When Lucille posed for a photo atop the Machu Picchu ruins in Peru, it was yet another in a series of victories. Although she literally needed a boost from some fellow hikers to make it to the top, there she was, smiling proudly for the camera. Her neurologist had playfully said that he would need to see pictures in order to believe the things she was doing after being diagnosed with CIDP.
Lucille’s accomplishments may be hard to believe for some people who are familiar with the numbness, weakness, and loss of balance that CIDP may cause. But people who truly know Lucille are not surprised. “I’ve always been a rebel,” she expressed, “and I’m certainly not giving in to CIDP.” Her positive outlook can serve as an inspiration to others living with CIDP, regardless of where they are in their journey.
A long path to diagnosis
At first, Lucille’s doctor thought her numbness and balance issues were being caused by her diabetes. As they continued to get worse, however, they both knew something else was going on. “The doctor would hold on to me and tell me to close my eyes,” she said, “and I just couldn’t stay standing. I’d fall down if he wasn’t holding me up.”
Her doctor wasn’t familiar with CIDP, and he couldn’t figure out what was wrong. So for 5 years, Lucille’s symptoms continued to worsen. Eventually, he referred her to a colleague who happened to be familiar with CIDP and was able to help Lucille finally get the right diagnosis.
“I wish I would have gotten a diagnosis sooner,” she said. Seeing more than one doctor is sometimes necessary to get a CIDP diagnosis. Not all doctors are familiar enough with CIDP to suggest the needed testing.
I’ve always been a rebel, and I’m certainly not giving in to CIDP.
Diagnosis received, challenge accepted
Being a very determined person, Lucille made the conscious decision to face her diagnosis head-on. Instead of focusing on the condition and how it could limit her, she focused on the many things she wanted to do and how she could limit the impact of CIDP on her lifestyle. She committed to a schedule of regular, ongoing treatments that have enabled her to continue doing the things that give her joy. “CIDP’s not going to get me down, until it actually takes me down,” she said.
Lucille loves to travel. She has a very adventurous spirit, and her travels are not for the faint of heart. Not only has she made it to the top of Machu Picchu since being diagnosed, but she’s also visited Morocco, climbed the Great Pyramid in Giza, Egypt, and flew in a hot air balloon in Turkey, among many other exotic places.
Unlike many people’s vacations, when Lucille travels, there’s no sitting around and taking it easy. That’s not to say CIDP hasn’t affected her abilities. These days, whenever she walks for a distance, she uses walking sticks for balance and support. She also has trouble walking down stairs, due to unsteadiness in her legs.
These CIDP symptoms may have slowed her down, but they haven’t defeated her. Lucille has been able to manage her symptoms and keep moving with the help of caregivers, which include her children and her siblings.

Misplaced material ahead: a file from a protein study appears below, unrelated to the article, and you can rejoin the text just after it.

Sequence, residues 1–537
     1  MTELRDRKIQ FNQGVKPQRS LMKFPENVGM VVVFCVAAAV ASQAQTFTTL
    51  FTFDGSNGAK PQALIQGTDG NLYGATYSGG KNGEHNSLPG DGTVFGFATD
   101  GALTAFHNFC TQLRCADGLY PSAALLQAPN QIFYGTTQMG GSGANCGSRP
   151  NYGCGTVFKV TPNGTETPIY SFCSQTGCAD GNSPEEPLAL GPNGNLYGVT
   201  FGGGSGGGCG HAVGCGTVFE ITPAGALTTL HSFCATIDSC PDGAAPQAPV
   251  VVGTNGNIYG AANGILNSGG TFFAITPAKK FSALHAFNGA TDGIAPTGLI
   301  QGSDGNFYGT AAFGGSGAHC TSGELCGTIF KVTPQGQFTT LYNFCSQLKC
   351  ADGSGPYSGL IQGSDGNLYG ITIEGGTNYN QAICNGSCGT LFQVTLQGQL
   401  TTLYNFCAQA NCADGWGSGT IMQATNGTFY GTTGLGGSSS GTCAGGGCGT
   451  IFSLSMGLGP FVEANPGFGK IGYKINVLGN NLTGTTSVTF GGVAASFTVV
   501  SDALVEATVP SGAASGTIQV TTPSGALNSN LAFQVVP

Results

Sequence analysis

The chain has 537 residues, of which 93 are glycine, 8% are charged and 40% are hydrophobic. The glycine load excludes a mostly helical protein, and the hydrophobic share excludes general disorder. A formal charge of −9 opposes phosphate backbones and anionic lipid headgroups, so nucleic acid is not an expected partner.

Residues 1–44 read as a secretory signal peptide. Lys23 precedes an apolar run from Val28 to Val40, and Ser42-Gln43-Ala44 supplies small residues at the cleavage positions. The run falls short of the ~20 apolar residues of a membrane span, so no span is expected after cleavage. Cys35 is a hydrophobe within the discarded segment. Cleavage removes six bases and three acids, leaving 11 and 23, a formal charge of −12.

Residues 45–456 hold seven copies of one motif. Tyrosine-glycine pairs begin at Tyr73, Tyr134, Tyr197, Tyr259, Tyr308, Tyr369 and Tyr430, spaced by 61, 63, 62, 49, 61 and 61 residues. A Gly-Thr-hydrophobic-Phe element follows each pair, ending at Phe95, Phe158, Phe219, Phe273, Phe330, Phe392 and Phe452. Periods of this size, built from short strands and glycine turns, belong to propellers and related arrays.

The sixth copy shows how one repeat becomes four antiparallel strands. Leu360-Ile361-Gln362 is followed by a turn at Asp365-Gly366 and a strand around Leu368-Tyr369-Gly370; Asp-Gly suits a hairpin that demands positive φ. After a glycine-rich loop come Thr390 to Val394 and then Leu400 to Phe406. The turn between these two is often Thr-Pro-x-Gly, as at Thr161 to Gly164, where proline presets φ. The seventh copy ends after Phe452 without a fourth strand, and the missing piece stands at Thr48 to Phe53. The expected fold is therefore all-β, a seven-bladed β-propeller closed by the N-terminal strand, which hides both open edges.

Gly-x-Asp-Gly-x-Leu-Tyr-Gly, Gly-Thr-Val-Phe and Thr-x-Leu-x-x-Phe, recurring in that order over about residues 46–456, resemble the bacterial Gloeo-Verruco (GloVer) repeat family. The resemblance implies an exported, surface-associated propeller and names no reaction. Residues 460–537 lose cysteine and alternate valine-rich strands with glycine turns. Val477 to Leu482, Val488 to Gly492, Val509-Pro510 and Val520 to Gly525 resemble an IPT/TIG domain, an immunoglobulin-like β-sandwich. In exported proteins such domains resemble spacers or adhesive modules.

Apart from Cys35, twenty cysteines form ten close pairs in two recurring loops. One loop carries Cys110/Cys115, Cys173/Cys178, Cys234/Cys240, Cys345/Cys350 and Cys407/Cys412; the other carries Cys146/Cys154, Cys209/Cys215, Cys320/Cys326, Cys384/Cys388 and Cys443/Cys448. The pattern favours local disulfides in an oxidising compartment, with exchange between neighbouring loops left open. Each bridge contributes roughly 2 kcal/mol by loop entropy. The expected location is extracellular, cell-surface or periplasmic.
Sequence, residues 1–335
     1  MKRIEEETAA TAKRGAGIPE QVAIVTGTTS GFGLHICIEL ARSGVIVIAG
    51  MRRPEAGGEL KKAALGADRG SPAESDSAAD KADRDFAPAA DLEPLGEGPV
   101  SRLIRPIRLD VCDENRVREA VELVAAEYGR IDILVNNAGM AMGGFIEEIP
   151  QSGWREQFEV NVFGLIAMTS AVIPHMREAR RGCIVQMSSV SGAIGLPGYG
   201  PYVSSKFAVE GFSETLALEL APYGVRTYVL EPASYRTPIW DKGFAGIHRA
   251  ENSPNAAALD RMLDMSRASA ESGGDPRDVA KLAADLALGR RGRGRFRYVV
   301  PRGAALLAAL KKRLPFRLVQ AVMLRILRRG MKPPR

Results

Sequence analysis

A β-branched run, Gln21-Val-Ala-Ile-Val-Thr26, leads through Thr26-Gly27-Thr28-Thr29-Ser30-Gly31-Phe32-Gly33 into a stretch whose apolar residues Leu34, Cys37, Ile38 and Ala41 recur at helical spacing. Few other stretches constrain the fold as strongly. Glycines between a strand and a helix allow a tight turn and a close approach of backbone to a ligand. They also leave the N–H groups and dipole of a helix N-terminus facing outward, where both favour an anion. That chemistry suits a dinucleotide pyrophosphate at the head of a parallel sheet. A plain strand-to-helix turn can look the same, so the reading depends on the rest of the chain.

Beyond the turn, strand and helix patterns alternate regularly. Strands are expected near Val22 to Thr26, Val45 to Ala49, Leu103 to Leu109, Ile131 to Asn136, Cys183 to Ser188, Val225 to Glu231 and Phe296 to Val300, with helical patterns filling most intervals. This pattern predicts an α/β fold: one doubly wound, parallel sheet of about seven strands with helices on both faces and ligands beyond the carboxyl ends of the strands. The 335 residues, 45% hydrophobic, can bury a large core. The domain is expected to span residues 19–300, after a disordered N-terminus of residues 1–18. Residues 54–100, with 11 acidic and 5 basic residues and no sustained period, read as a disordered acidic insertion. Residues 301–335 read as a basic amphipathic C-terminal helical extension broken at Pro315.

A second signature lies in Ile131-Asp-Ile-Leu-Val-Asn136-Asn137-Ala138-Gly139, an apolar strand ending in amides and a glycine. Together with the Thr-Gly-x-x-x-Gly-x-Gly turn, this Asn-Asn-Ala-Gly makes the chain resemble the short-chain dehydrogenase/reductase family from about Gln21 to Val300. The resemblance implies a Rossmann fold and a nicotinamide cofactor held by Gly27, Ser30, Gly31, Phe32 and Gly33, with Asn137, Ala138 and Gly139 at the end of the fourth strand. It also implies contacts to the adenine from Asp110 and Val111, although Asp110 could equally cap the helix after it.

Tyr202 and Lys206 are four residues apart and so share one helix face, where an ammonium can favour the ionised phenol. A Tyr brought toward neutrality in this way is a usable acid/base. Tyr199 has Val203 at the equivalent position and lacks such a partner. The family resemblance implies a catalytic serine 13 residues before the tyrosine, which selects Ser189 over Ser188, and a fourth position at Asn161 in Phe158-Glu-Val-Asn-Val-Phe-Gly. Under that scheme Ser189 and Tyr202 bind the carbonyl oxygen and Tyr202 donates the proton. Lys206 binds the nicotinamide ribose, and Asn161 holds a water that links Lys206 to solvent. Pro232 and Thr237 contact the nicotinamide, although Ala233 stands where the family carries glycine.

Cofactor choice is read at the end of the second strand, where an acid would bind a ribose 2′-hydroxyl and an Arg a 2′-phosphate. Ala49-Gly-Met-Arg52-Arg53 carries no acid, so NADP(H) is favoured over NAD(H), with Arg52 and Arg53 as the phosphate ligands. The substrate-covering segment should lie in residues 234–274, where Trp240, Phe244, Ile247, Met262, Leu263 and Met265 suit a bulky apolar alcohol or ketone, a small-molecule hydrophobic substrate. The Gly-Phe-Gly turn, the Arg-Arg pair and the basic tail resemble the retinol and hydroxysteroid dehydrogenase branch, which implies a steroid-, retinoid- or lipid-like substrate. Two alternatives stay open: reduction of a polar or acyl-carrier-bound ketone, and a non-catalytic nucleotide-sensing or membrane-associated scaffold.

While traveling with her son in England, the two walked over 49 miles, despite Lucille falling on day 2. “My son helps me a lot. He knows that I can get tired. He knows that if I'm walking down stairs, to be in front of me so that I don't fall down the stairs.”
Lucille recognizes the importance of a good support system. In addition to her son and siblings, with whom she’s very close, she also has a group of longtime friends and a loving support dog she can depend on for help and comfort.
CIDP’s not going to get me down until it actually takes me down.
Because she’s so focused on doing what she loves, though, she often forgets about CIDP and the fact that her legs are weaker than they used to be. “I need to remind myself that, even though I’m not letting CIDP stop me, I still need to be careful and take my walking sticks or a cane with me,” she said.
When hiking, “I may be the last person in the group to make it to the destination,” she said, “but I’m never far behind.” Hiking down a mountain in Peru was a difficult and scary adventure, but she set her sights on the goal and forged ahead. “I wasn’t going to give in to fear.”
CIDP can affect people differently. It’s important to pay attention to your own body and talk to your healthcare team before taking a trip or performing physical activities.
Lucille’s active approach to life doesn’t stop at wandering the world. After all, she needs to fund her many adventures. Now that she’s retired from her decades-long career as an insurance agent, she works concessions at major sporting events, big concerts, and baseball spring training.
When CIDP symptoms start to get her down, Lucille’s confidence helps her get through. “To live with CIDP, I have to push through each day—bad days as well as good ones.”
Lucille sums up her experience by saying, “As much as I can, I try to keep doing the things I love to do, even though I have CIDP.” She knows that’s not always possible, but that doesn’t stop her from living life on her terms. She already has several more adventures planned, including a canoe trip down the Amazon River.